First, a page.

"What you focus on expands. When you focus on the goodness of your life, you create more of it." - Oprah Winfrey

Monday, June 1, 2015

Our Truth

For the first time Morgan notices the mark on the skin of my ribcage. He leans forward and kisses the letters. I am not sure he understands that it is his name and his brother's.

We walk holding hands and he feels the torn calluses in my palms. Scars from the past week's barbell work. He looks at me and smiles. I would like to think he wonders what and who they are for.

When he was born I remember how I cried in utter joy as I saw him screaming his lungs out. The doctor had to wipe the tears flowing down my cheeks.

Three years after, he was diagnosed with autism as his older brother, Garret had been, three years earlier. I remember falling on my knees, all the strength drained out of me, asking the Universe, "Why?"

What kind of life will they live? Will they ever understand the depth of my love for them? Will they ever know who I am? Will I be the mother they so rightly deserve? These were just few of the numerous questions that besieged my heart.

When Typhoon Haiyan struck I held Morgan in the tightest way possible, my heart beating out of my chest as we ran from room to room, our ceilings falling one after another. I could carry only him. Garret had to be carried by our help. Their papa leading the way, clearing the path as best as he could so we could evacuate safely.  When we were safely settled in our neighbor's house, Morgan fell asleep in exhaustion.

A few months after Haiyan we began to slowly recover from the tragedy. I decided to have my boys' names permanently inked on my  body.

A year and almost seven months passed today.

For the first time Morgan notices the mark on the skin of my ribcage. He leans forward and kisses the letters. 

After surviving Haiyan, I decided to redo my life. I decided to become healthier and stronger not only for myself but most especially for my boys. I decided to do CrossFit.

Morgan holds my hands and  feels the torn calluses in my palms. Scars from the past week's barbell work. He looks at me and  he smiles.

Questions still come thundering. The answers do not. But they arrive at the most unexpected moments catching me off guard. The answers are as subtle as the song of the sparrows in our backyard waking me in the morning. They have been there for a long time even returning after Haiyan but I have been so used to their everyday singing that I have allowed noises of doubt and confusion to drown out their music. The answers have been in front of me all along.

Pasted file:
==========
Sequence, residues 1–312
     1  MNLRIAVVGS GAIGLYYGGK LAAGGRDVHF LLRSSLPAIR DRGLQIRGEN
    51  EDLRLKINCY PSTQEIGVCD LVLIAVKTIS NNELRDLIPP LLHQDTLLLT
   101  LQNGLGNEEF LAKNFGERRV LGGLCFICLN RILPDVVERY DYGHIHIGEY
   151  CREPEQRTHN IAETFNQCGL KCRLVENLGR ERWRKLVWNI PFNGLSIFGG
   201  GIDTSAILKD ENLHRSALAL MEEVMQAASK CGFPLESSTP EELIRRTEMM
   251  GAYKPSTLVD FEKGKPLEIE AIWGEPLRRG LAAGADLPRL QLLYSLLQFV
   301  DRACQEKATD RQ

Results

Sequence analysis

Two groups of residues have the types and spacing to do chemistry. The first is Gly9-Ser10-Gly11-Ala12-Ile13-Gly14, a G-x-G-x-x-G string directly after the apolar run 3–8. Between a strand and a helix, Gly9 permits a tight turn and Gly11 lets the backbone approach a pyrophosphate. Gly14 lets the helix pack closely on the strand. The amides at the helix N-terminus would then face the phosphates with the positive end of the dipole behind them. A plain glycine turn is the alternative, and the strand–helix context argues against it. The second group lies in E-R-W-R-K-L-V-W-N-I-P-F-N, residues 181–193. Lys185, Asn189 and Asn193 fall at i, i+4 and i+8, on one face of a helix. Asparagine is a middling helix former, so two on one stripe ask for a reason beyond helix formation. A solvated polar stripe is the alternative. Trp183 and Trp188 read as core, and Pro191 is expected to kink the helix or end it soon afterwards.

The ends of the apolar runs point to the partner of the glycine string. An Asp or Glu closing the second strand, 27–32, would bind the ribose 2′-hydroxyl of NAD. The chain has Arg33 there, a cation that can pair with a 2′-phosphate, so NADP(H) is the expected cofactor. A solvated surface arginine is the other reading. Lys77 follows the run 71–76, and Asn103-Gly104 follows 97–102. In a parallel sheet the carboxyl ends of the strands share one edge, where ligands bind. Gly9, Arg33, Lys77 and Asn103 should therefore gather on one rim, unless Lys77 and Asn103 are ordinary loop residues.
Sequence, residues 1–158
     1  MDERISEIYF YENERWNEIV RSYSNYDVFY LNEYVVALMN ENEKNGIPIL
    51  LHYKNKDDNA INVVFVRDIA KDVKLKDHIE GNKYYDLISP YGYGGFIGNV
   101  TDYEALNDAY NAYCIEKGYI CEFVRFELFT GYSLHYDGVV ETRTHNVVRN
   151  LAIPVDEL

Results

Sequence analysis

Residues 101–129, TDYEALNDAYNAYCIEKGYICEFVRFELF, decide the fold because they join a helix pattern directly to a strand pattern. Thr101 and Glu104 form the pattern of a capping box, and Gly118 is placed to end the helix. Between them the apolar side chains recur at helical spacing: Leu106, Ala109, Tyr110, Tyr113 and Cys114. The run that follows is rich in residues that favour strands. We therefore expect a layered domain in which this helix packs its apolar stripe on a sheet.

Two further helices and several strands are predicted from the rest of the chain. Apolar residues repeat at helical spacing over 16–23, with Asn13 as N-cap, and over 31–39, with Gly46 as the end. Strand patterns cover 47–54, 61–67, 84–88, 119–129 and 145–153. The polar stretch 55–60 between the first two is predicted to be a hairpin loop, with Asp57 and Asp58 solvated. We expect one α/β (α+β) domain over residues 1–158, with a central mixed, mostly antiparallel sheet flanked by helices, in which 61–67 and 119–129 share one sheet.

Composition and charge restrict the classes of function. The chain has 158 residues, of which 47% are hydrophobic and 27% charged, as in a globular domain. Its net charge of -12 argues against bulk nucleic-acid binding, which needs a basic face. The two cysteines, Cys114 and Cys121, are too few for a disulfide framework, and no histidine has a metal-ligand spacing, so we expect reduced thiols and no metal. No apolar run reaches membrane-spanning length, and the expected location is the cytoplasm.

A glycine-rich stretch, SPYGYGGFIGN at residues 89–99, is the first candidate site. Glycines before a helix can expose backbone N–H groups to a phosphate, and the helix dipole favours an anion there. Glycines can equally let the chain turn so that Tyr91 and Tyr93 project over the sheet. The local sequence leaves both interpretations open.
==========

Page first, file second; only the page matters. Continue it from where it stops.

Time and again  I have to return to my core and trust these truths:

Life for my boys will be beautiful as it already is today.

They know how deeply I love them maybe not in the few words they can say but more so in the glances full of understanding, in the meaningful grins, in the unasked kisses and in the most unexpected embraces.

They know I am their mama in the many unique ways they say my name.

I may not be the perfect mother but I am the best one for them.

But the most beautiful truth of all is that even as I may be besieged by  more questions in the coming days, months and years, even as I continue to ask "why?" especially during the more difficult moments, even as I may fall on my knees a hundred more times,  I am overcome and redeemed even more by the love I have been given by the Universe through the very nature of their beings, by the love they teach me every single day without fail.  

This photo was taken a week after Morgan was born. Garret was 3 years old. And I was bursting at the seams from the all the mama weight AND the love pouring forth for my boys.